Eight terracotta warriors stand to attention inside the National Gallery of Victoria, commanding the space with their intense stares.
Above these relics, from China’s Qin dynasty of the late third century BCE, 10,000 porcelain birds soar free throughout the cavernous room in juxtaposition to the grounded ceramic army.
Image: Installation view of Cai Guo-Qiang’s Murmuration (Landscape) 2019 (detail) Realised in Dehua, Fujian province and Melbourne, commissioned by the NGV. Proposed acquisition supported by Ying Zhang in association with the Asian Australian Foundation, 2019 NGV Foundation Annual Dinner and 2019 NGV Annual Appeal, on display at NGV International © Cai Guo- Qiang. Image credit: Tobias Titz Photography
The works are featured in the NGV’s Winter Masterpiece exhibition Terracotta Warriors: Guardians of Mortality, which opened in Melbourne last week, in a stunning synthesis of ancient and modern art.
The famed Warriors were discovered in 1974 in China’s Shaanxi province and are regarded as one of the greatest archaeological finds of the twentieth century.
Image: Installation view of Terracotta Warriors: Guardians of Immortality and Cai Guo-Qiang: The Transient Landscape at NGV International, 24 May – 13 October 2019. Image credit: Sean Fennessy
This is not the first time the warriors have visited Australia – they were previously exhibited at the NGV in 1982 and at Sydney’s Art Gallery of NSW in 1983 and 2010 – but it’s the first time they have been displayed alongside a contemporary artist.
The birds, created by Chinese artist Cai Guo-Qiang, are presented as a parallel work to the soldiers, representing the spirits of the 10,000 Warriors; 8000 of which remain entombed in the spot where they were found.
Image: Cai Guo-Qiang, artist, inside Terracotta Warriors: Guardians of Immortality | Cai Guo-Qang: TheTransient Landscape at NGV International, 24 May – 13 October 2019. Image credit: Eugene Hy
“The Terracotta Warriors… are a symbol of death and their lingering spirits,” says Cai through an interpreter.
“I wanted to use the birds to represent the lingering spirits of the thousands of soldiers and also to show a shadow of China’s Imperial past.”
Cai applies a philosophical approach to his art and muses on mortality and death with the several works he exhibits as part of his The Transient Landscape exhibition.
“Birds represent life and time and a sense of fleeing moment and the flowing of time. That’s something that I think everyone can relate to.”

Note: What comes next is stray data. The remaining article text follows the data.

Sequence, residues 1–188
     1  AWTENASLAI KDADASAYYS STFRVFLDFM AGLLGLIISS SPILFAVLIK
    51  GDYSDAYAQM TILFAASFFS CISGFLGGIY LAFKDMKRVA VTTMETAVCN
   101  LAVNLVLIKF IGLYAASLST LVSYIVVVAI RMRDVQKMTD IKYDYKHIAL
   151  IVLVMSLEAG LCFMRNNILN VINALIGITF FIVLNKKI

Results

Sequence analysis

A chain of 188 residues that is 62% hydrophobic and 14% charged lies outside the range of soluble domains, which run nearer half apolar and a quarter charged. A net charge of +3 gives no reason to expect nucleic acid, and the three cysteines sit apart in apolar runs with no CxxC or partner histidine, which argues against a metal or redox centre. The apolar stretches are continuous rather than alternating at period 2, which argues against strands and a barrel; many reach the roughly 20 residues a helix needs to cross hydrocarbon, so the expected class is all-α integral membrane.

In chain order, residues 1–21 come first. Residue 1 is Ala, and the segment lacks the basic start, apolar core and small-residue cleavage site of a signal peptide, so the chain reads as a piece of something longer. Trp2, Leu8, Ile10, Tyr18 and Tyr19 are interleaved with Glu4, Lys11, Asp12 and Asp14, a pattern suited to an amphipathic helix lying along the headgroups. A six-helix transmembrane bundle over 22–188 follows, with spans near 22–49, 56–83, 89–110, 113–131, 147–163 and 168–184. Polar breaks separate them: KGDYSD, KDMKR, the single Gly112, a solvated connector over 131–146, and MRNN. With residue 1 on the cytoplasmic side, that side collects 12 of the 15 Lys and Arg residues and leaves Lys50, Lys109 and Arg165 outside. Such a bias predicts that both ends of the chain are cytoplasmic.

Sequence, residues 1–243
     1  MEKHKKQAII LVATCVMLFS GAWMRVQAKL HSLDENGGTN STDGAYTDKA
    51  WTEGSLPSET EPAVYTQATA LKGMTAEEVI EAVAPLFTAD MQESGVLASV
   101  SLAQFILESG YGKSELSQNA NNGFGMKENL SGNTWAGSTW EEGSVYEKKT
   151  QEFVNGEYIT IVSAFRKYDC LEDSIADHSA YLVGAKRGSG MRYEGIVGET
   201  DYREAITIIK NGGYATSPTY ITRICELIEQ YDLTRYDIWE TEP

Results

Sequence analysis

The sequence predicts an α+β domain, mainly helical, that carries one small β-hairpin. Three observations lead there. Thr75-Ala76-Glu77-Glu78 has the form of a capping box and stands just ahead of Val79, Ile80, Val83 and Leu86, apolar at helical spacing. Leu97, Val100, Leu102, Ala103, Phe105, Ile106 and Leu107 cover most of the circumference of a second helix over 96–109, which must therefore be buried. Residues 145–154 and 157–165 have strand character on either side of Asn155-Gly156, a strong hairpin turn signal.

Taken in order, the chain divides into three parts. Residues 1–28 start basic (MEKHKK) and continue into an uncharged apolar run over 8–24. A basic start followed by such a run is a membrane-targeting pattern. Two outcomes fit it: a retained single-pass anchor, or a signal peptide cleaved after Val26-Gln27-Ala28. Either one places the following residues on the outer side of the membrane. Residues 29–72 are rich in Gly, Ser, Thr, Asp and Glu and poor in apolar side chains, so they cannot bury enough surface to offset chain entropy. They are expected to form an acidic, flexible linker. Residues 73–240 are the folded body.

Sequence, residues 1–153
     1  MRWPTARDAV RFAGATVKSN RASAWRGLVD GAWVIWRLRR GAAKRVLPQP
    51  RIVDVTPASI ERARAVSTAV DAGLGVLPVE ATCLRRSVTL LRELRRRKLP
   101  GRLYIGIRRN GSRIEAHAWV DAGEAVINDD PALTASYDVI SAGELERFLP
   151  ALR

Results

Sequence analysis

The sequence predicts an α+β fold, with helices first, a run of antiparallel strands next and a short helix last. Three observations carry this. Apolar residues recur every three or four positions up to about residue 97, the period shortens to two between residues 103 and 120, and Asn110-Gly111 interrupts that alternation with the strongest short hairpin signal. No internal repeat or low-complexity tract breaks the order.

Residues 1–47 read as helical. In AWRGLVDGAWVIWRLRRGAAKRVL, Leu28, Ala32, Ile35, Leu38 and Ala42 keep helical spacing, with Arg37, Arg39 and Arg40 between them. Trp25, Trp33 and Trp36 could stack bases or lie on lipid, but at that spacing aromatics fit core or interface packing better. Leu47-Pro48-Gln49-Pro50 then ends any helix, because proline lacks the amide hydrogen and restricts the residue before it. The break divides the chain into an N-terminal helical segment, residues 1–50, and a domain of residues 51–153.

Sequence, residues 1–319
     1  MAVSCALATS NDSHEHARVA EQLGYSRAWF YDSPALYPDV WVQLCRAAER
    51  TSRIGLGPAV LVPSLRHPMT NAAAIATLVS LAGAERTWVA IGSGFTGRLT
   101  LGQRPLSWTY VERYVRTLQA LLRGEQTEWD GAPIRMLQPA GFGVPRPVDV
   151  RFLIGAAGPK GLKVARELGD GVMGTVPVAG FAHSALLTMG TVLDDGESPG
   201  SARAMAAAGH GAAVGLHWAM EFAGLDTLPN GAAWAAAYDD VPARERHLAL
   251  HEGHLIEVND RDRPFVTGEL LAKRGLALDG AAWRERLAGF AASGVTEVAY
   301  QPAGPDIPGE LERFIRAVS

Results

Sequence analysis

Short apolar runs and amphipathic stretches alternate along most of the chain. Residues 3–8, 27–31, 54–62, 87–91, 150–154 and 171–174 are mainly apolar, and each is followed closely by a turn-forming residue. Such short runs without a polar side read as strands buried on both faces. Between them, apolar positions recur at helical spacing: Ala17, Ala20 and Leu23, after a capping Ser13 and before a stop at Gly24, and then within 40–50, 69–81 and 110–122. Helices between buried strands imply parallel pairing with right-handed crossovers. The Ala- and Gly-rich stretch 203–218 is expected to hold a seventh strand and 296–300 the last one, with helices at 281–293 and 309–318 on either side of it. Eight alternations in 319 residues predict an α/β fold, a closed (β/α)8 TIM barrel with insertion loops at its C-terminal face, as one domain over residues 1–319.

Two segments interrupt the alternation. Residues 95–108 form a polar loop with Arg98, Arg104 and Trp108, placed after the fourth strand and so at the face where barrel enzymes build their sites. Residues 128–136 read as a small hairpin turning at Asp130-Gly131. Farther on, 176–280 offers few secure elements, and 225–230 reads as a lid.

In addition to his avian artwork, Cai has also created a 360-degree gunpowder drawing of colourful peonies surrounding a sculpture of dead flowers.
Image: Installation view of Cai Guo-Qiang’s Flow (Cypress) 2019. Realised in Melbourne, commissioned by the NGV on display at NGV International © Cai Guo-Qiang. Image credit: Tobias Titz Photography
It was inspired by a field of decaying peonies he saw during a research trip to the Shaanxi province to see the Warriors.
“I wanted to show the stages of the peonies life from the emergence of bud to blossom to eventual decay.”
His process is remarkable: drawing on silk, lining that with gunpowder and carefully igniting it until the burnt art is left on a canvas.
“There is a sense of violence and death in the process itself, it’s like a burial ritual,” he says.
Cai hopes the parallel presentation will introduce a new understanding of China.
“It not only shows ancient Chinese culture [but] through my participation you can see today’s China as well, you see China today as itself and its relation with the rest of the world.
“My exhibition not only comments on China but it creates many different elements that can be shared by people coming from all different cultures.”
The Melbourne Winter Masterpieces presentation of Terracotta Warriors: Guardians of Immortality and Cai Guo-Qiang: The Transient Landscape is on display from 24 May 2019 to 13 October 2019 at NGV International.
Top image: Installation view of Terracotta Warriors: Guardians of Immortality and Cai Guo-Qiang: The Transient Landscape at NGV International, 24 May – 13 October 2019. Image credit: Sean Fennessy